WORKS OF ARMINIUS - THE CHRISTIAN RELIGION, ITS NAME AND RELATION
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ON THE CHRISTIAN RELIGION, ITS NAME AND RELATION
II. The Christian religion, which the Jews called "the heresy of the Nazarenes," obtained its name from Jesus of Nazareth, whom God hath appointed as our only master, and hath made him both Christ and Lord.
III. But this name agrees with him in two ways -- from the cause and from the object.
(1.) From the cause; because Jesus Christ, as "the Teacher sent from God," prescribed this religion, both by his own voice, when he dwelt on earth, and by his apostles, whom he sent forth into all the world.
(2.) From the object; because the same Jesus Christ, the object of this religion, according to godliness, is now exhibited, and fully or perfectly manifested; whereas, he was formerly promised and foretold by Moses and the prophets, only as being about to come.
IV. He was, indeed, a teacher far transcending all other teachers -- Moses, the prophets, and even the angels themselves -- both in the mode of his perception, and in the excellence of his doctrine. In the mode of his perception; because, existing in the bosom of the Father, admitted intimately to behold all the secrets of the Father, and endued with the plenitude of the Spirit, he saw and heard those things which he speaks and testifies. But other teachers, being endued, according to a certain measure with the Spirit, have perceived either by a vision, by dreams, by conversing "face to face," or by the intervention of an angel, those things which it was their duty to declare to others; and this Spirit itself is called "the Spirit of Christ."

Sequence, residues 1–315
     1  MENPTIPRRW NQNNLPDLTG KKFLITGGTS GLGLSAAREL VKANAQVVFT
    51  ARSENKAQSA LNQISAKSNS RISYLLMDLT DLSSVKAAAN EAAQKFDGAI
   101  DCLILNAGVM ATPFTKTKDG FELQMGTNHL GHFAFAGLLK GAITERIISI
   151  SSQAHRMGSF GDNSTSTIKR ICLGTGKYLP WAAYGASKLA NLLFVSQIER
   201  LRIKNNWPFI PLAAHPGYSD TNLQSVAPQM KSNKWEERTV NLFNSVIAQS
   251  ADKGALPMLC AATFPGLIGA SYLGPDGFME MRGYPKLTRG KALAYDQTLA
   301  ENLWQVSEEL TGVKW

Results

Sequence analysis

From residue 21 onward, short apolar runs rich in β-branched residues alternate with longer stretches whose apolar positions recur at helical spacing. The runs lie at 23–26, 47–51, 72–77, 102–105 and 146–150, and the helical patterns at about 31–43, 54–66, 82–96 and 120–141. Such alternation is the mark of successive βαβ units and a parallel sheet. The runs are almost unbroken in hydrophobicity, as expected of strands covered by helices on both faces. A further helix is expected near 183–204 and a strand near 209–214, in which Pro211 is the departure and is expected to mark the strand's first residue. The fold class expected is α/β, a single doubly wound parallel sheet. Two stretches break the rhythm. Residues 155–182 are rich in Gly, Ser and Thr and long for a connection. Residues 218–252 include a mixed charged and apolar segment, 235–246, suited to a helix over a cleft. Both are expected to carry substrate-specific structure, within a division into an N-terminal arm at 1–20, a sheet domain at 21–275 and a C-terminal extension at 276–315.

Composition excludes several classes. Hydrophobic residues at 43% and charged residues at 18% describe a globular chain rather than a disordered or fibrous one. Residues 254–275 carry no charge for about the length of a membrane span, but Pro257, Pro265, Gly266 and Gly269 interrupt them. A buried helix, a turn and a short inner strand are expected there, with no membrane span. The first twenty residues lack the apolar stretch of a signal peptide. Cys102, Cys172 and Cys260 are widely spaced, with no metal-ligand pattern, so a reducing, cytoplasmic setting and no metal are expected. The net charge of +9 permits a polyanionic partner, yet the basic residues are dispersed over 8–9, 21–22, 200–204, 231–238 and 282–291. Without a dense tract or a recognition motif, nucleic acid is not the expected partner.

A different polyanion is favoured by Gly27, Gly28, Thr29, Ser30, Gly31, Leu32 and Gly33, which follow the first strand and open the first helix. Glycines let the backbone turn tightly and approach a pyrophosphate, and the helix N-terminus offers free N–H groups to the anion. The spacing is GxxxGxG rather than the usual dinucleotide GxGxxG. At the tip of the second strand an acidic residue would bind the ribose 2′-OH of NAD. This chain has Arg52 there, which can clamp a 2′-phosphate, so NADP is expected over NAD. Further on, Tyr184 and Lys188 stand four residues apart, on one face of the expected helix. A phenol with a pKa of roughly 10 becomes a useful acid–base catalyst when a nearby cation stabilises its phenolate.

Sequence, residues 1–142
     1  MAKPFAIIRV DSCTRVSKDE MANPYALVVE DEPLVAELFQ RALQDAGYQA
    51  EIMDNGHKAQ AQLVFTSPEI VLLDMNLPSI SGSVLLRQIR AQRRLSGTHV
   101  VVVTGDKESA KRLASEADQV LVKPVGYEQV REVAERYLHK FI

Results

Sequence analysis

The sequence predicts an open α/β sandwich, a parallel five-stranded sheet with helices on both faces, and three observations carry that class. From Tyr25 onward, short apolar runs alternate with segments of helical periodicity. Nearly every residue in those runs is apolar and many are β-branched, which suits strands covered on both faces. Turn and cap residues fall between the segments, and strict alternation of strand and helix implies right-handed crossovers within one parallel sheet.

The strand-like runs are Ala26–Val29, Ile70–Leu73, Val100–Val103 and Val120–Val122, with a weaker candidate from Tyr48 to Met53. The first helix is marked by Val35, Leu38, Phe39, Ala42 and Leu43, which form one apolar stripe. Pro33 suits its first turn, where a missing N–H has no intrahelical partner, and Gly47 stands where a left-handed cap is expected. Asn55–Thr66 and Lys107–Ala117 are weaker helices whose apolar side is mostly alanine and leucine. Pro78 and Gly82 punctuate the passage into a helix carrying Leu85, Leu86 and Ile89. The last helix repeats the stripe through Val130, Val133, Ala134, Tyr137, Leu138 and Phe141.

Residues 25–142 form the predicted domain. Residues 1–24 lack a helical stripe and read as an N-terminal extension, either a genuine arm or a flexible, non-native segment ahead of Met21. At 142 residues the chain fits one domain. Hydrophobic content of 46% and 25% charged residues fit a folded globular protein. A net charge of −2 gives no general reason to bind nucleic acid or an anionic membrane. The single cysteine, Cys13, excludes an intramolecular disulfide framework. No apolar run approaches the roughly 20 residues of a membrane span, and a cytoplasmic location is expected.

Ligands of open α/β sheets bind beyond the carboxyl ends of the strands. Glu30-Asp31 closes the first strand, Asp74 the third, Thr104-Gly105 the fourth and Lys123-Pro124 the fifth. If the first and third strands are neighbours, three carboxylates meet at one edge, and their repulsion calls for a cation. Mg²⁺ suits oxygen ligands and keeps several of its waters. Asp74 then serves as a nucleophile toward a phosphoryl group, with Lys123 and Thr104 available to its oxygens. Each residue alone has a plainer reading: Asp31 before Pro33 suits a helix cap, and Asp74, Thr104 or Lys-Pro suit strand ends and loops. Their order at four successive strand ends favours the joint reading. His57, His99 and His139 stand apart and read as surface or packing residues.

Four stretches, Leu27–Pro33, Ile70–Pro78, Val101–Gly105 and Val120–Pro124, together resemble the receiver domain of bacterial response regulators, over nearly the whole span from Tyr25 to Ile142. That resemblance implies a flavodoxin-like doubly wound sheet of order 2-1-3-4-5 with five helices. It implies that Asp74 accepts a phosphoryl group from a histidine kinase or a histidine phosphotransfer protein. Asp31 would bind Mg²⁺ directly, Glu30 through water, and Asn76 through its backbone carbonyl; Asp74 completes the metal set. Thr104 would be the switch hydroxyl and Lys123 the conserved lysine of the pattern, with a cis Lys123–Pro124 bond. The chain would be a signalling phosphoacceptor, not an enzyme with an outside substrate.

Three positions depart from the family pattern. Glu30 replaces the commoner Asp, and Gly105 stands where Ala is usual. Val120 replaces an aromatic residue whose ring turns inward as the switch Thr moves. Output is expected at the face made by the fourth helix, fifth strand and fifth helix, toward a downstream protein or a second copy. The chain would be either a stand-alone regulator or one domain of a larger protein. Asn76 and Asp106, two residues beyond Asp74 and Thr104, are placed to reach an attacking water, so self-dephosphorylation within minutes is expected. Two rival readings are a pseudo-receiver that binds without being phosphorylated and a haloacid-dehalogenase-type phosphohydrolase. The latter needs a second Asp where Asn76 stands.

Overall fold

V. In the excellence of his doctrine, also, Christ was superior to all other teachers, because he revealed to mankind, together and at once, the fullness of the very Godhead, and the complete and latest will of his Father respecting the salvation of men; so that, either as it regards the matter or the dearness of the exposition, no addition can be made to it, nor is it necessary that it should.
VI. From their belief in this religion, and their profession of it, the professors were called Christians. (Acts xi, 26; 1 Pet. iv, 16.) That the excellence of this name may really belong to a person, it is not sufficient for him to acknowledge Christ as a teacher and prophet divinely called. But he must likewise religiously own and worship him as the object of this doctrine, though the former knowledge and faith precede this, and though from it, alone, certain persons are sometimes said to have believed in Christ.